Original Research ARTICLE
Increased Mast Cell Activation in Mongolian Gerbils Infected by Hepatitis E Virus
- 1China Agricultural University, China
- 2School of Animal Medicine, Hebei Agricultural University, China
Recently, mechanism study of hepatitis E virus (HEV) infection has attracted an increasing attention because of the growing rate of the acute hepatitis caused by the virus over the world. As an important initiate in the inflammation, mast cells (MCs) play a critical role in maintaining a healthy physiology. However, the function of the MCs in the acute hepatitis caused by HEV is still unclear. In the present study, mongolian gerbils infected by HEV were used as an animal model to evaluate the role of MCs in the HEV infection. The positive ELISA and RT-PCR results showed the gerbils was successfully infected with HEV. The number of mast cell in the liver and the small intestine in the infected animals were grow higher significantly than the control group. In addition, higher expression of the tryptase and 5-HT in the liver and the intestine detected by immunohistochemical method and western blot also indicate the activation of mast cells in the infection. These results suggest that MCs play an important role in the hepatitis E.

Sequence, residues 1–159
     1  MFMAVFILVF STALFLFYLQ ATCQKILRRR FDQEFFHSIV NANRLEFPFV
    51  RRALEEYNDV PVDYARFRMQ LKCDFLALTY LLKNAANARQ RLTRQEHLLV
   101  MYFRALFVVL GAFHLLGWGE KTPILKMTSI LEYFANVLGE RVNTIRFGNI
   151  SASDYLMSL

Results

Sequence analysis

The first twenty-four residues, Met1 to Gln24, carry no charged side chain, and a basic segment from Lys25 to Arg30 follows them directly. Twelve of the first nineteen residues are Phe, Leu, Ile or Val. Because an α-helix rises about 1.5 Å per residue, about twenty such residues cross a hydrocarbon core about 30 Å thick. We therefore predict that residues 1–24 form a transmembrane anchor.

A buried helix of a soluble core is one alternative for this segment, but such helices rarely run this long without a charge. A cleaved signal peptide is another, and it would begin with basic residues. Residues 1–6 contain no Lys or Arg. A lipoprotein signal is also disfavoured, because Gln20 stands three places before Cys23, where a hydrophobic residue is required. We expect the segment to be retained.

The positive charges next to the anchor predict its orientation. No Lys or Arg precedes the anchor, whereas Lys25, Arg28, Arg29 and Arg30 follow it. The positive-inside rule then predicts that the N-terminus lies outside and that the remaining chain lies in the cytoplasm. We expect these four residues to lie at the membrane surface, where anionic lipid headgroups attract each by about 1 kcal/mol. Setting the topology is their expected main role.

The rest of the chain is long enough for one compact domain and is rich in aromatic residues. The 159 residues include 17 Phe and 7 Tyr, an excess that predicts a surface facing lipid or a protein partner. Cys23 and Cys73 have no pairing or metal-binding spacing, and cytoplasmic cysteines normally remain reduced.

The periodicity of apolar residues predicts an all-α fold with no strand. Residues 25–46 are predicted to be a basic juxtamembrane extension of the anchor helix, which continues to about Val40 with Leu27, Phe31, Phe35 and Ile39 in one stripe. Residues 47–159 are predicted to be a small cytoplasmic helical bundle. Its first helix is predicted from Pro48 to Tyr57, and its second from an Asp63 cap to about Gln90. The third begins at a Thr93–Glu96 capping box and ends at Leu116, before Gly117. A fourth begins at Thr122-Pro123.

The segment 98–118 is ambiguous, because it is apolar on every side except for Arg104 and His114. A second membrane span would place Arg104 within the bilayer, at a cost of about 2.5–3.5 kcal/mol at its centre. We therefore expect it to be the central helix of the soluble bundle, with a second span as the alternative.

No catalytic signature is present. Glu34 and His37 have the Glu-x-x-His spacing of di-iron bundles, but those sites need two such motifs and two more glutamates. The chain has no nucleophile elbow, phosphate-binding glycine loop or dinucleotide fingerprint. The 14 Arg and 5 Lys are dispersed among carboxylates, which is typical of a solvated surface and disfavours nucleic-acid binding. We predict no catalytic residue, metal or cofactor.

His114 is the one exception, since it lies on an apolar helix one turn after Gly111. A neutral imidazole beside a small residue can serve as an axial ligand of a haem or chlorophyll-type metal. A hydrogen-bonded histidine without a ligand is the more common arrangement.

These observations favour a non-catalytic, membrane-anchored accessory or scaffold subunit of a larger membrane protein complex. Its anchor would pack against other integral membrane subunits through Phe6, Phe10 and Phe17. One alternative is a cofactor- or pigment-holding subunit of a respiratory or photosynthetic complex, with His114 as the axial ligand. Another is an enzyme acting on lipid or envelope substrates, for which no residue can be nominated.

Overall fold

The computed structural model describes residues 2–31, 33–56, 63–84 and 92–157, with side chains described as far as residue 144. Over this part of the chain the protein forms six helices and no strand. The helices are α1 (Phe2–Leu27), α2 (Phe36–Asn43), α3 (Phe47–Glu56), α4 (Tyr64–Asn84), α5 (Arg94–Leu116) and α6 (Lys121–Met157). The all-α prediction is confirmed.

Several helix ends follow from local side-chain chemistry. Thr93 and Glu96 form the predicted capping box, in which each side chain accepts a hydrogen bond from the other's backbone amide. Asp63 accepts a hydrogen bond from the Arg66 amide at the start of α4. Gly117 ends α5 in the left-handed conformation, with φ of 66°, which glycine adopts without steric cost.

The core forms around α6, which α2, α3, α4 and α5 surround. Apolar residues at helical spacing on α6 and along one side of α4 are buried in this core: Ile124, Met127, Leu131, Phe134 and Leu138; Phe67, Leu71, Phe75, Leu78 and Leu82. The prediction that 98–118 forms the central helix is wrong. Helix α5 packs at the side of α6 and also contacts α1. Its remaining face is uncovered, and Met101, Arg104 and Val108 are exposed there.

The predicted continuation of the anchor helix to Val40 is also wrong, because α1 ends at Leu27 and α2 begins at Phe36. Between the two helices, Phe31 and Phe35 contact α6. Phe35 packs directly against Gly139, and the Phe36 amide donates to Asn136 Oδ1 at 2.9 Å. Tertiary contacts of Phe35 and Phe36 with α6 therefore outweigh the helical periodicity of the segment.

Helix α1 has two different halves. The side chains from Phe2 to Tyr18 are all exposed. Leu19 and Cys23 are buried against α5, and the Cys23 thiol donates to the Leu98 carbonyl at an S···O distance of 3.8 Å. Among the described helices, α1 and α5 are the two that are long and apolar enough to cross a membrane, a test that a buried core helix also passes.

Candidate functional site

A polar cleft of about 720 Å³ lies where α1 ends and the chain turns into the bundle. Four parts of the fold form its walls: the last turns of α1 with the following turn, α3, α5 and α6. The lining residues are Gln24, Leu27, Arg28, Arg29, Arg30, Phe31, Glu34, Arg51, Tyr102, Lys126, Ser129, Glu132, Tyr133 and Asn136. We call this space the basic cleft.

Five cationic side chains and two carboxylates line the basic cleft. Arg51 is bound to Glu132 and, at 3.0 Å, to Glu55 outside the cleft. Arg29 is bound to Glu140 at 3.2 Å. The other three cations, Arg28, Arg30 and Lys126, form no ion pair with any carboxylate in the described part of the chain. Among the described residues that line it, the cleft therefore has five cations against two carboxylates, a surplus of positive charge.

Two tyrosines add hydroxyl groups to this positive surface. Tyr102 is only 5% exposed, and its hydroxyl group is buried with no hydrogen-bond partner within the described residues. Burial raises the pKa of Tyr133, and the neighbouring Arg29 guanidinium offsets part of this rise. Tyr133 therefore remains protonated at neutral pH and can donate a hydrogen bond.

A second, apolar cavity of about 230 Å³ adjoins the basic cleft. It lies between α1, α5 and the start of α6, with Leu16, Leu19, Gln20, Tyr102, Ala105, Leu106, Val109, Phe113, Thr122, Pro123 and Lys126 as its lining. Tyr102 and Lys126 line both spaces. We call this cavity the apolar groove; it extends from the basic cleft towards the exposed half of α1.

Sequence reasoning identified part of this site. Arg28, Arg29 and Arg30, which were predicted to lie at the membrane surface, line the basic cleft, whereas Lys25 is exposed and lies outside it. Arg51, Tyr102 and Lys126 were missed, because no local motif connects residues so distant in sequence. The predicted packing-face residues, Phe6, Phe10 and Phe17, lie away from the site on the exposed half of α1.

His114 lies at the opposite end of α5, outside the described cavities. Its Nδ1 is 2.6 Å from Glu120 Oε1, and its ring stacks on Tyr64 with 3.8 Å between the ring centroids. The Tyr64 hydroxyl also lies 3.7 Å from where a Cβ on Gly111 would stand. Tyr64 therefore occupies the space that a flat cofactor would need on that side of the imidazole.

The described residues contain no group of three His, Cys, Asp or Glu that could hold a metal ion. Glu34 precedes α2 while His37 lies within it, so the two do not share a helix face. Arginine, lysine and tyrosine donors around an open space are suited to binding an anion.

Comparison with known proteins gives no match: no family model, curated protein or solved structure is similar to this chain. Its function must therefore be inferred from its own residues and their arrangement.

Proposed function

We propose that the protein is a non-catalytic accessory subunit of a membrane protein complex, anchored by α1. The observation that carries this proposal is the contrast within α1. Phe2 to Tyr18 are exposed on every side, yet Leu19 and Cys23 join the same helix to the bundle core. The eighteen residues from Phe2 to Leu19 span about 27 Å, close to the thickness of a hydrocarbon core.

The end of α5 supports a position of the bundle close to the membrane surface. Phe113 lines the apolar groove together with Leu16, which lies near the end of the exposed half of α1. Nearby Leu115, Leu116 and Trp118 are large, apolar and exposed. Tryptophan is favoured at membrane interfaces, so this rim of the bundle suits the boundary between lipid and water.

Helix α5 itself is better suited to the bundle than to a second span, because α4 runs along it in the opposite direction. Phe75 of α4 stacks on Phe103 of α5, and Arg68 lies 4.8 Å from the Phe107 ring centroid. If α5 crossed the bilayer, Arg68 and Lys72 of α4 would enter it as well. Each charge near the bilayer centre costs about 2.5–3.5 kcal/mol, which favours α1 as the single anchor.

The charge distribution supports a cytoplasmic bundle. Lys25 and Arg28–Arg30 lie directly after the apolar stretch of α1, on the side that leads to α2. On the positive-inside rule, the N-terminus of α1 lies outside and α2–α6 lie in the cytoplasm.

Keywords: Mongolian gerbils, Hepatitis E virus, experimental infection, mast cell, activation
Received: 08 Feb 2018;
Accepted: 31 Aug 2018.
Edited by:Barry Rockx, RIVM, Netherlands
Reviewed by:Larance Ronsard, Ragon Institute of MGH, MIT and Harvard, Massachusetts Institute of Technology, United States
Erin DiCaprio, University of California, Davis, United States
Copyright: © 2018 Liu, Tian, Li, She, Wang, Yang, Sun, Zhang, Yang, Ren, Lu and Shi. This is an open-access article distributed under the terms of the Creative Commons Attribution License (CC BY). The use, distribution or reproduction in other forums is permitted, provided the original author(s) and the copyright owner(s) are credited and that the original publication in this journal is cited, in accordance with accepted academic practice. No use, distribution or reproduction is permitted which does not comply with these terms.
* Correspondence: DVM, PhD. Tianlong Liu, China Agricultural University, Beijing, China, email@example.com